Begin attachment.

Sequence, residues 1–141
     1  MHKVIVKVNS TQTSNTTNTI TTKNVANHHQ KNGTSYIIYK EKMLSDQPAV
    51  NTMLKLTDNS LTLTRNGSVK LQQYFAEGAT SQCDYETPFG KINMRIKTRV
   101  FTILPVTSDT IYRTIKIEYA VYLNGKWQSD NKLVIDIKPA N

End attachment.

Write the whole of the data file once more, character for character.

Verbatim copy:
Sequence, residues 1–141
     1  MHKVIVKVNS TQTSNTTNTI TTKNVANHHQ KNGTSYIIYK EKMLSDQPAV
    51  NTMLKLTDNS LTLTRNGSVK LQQYFAEGAT SQCDYETPFG KINMRIKTRV
   101  FTILPVTSDT IYRTIKIEYA VYLNGKWQSD NKLVIDIKPA N